23 F3d 1426 Gwartz v. Jefferson Memorial Hospital Association

23 F.3d 1426

29 Fed.R.Serv.3d 348

Brian GWARTZ, M.D., Appellant,
v.
JEFFERSON MEMORIAL HOSPITAL ASSOCIATION, Appellee.

No. 93-1978.

United States Court of Appeals,
Eighth Circuit.

Submitted Dec. 14, 1993.
Decided May 10, 1994.

Lawrence J. Fleming, St. Louis, Mo., argued, for appellant.

Fred A. Ricks, Jr. St. Louis, Mo., argued, for appellee.

Before MAGILL, Circuit Judge, BRIGHT, Senior Circuit Judge, and BEAM, Circuit Judge.

MAGILL, Circuit Judge.


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1

Dr. Brian Gwartz (Gwartz) appeals the district court's order dismissing his diversity action against Jefferson Memorial Hospital (Jefferson) of Crystal City, Missouri, for failure to join an indispensable party. Gwartz argues that the district court erred because his professional corporation, Jefferson Anesthesia Associates (JAA), is neither a necessary party under Rule 19(a) of the Federal Rules of Civil Procedure nor an indispensable party under Rule 19(b). Jefferson claims that JAA is an indispensable party or, in the alternative, that the district court's dismissal under Rule 19(b) of an earlier suit Gwartz had filed against Jefferson is res judicata. Because we hold that JAA is not a necessary party under Rule 19(a) and that the doctrine of res judicata does not apply here, we reverse.

I. BACKGROUND

2

Gwartz is an anesthesiologist who presently resides in California. In 1985, when he lived in Missouri, he entered into an employment contract with Jefferson. Under the contract, Jefferson agreed to employ Gwartz for two years as an anesthesiologist and Medical Director of the Hospital Anesthesiology Department at an annual salary of $190,000. In turn, Gwartz agreed to work for Jefferson full-time during the term of the contract and not to become an employee of any other employer "except ... a corporation in which [Gwartz] is the owner of the majority of said corporation's capital stock." J.A. at 11.

3

In 1986, Gwartz incorporated JAA in Missouri. Gwartz was the sole shareholder, officer, and director of JAA. JAA was not a party to Gwartz's contract with Jefferson nor did JAA have its own contract with Jefferson. Gwartz operated a private anesthesiology practice through JAA, separate from his personal employment contract with Jefferson, to supplement his income. Surgeons hired JAA to provide anesthesia services to patients that the surgeons were treating at Jefferson. JAA employed Gwartz and other anesthesiologists to provide such services.

4

In 1991, Gwartz filed a diversity suit (Gwartz I ) in district court against Jefferson and two of its employees, Bill Seek and John Schneider. The complaint contained two separate counts. Count One was a breach of contract claim against Jefferson, alleging that the hospital had unjustifiably terminated Gwartz's employment contract in 1987. Count Two was a claim for intentional interference with a business relationship. It alleged that Jefferson, Seek and Schneider had "prevented [Gwartz] and his associates from utilizing [the hospital] in that the Defendants acting in concert with each other ... [d]irected the employees of [Jefferson] and other physicians not to use the services of [Gwartz] or [JAA]." J.A. at 8. Count Two also alleged that defendants refused staff privileges to Gwartz's associates and hired temporary physicians for cases that JAA otherwise would have handled.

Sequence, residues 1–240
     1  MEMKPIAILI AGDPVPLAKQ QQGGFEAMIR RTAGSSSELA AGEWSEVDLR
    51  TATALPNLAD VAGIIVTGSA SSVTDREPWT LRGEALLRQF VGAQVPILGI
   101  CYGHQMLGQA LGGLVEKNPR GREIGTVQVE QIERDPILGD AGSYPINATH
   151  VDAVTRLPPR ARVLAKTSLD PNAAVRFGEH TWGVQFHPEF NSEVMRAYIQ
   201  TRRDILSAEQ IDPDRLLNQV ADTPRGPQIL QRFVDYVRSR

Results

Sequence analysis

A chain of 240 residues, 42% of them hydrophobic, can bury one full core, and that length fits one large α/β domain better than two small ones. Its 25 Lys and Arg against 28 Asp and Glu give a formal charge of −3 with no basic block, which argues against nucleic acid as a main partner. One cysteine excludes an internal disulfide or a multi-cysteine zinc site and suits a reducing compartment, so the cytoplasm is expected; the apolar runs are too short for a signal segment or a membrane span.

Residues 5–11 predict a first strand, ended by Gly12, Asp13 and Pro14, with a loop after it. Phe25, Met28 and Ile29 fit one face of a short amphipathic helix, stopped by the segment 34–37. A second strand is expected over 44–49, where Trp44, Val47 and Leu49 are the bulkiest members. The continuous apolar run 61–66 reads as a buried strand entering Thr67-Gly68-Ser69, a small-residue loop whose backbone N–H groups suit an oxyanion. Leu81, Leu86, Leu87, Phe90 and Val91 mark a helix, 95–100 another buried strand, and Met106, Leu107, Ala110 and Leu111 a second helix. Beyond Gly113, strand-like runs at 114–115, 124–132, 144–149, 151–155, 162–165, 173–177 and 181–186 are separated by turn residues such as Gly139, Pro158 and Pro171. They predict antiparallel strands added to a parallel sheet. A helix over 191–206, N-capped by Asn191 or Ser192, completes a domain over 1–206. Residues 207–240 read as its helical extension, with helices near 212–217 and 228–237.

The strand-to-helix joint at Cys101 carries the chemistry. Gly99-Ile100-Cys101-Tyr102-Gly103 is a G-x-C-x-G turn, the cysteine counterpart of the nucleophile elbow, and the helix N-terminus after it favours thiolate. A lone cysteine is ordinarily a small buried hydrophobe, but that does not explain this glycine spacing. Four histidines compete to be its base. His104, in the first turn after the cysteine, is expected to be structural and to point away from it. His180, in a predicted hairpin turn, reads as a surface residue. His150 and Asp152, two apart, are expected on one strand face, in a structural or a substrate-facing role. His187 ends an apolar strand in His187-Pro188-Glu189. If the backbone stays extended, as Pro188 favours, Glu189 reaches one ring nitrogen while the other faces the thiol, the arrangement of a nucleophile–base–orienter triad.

5

Jefferson, Seek and Schneider moved to dismiss Gwartz I for failure to join an indispensable party. The district court found that Count Two alleged a cause of action accruing to JAA, not Gwartz. Because Gwartz could not sue in his individual capacity for damages to JAA, the court concluded that JAA was a necessary party under 19(a) "in that complete relief cannot be accorded in its absence." Dist.Ct.Mem. at 2 (June 19, 1991).

6

Next, the district court found that JAA's joinder was not feasible because its presence would destroy diversity. Accordingly, the court considered whether Gwartz's action should be dismissed under Rule 19(b). After considering Rule 19(b)'s four-factor test, the court found that JAA was an indispensable party and dismissed Gwartz I without prejudice. We dismissed Gwartz's appeal from this order. See Gwartz v. Jefferson Memorial Hosp., No. 91-2673 (8th Cir. Oct. 18, 1991).1

7

In 1992, Gwartz brought the instant diversity suit (Gwartz II ) in district court against Jefferson. The complaint again alleges that Jefferson breached Gwartz's employment contract in 1987. It also claims that Jefferson, "by and through its employees retaliated against [Gwartz], interfered with [Gwartz's] ability to minimize his damages by reason of the breach of his contract with the hospital and interfered with [Gwartz's] ability to perform services for [JAA] and, thereby interfered with this employment relationship with [JAA]." J.A. at 76-77. The acts giving rise to these latter claims were the same ones that the complaint in Gwartz I alleged gave rise to Count Two, including the allegation that Jefferson directed its employees and other physicians "not to use the services of [Gwartz] or [JAA]." Id. at 77.


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8

Jefferson again moved to dismiss for failure to join an indispensable party. Gwartz argued that JAA was not a necessary party because his only claim in Gwartz II was for breach of his employment contract. The district court found, however, that Gwartz's complaint "still asserts that Jefferson ... interfered with his employment relationship with JAA.... Gwartz has merely reasserted his previous two-count complaint in this one-count action." Dist.Ct.Mem. at 3 (Feb. 23, 1993). Accordingly, the court dismissed Gwartz II. Gwartz timely appeals, claiming that the district court erred in concluding that JAA was a necessary party under Rule 19(a) and an indispensable party under Rule 19(b).

II. DISCUSSION

A. Rule 19(a)

9

Rule 19 governs when joinder of a particular person is compulsory. Janney Montgomery Scott, Inc. v. Shepard Niles, Inc., 11 F.3d 399, 404 (3d Cir.1993). "A court must first determine whether a [person] should be joined if 'feasible' under Rule 19(a)," id., i.e., whether a person is "necessary." If the person is not necessary, then the case must go forward without him and there is no need to make a Rule 19(b) inquiry. We review de novo any conclusions of law informing the district court's Rule 19(a) determination. Id.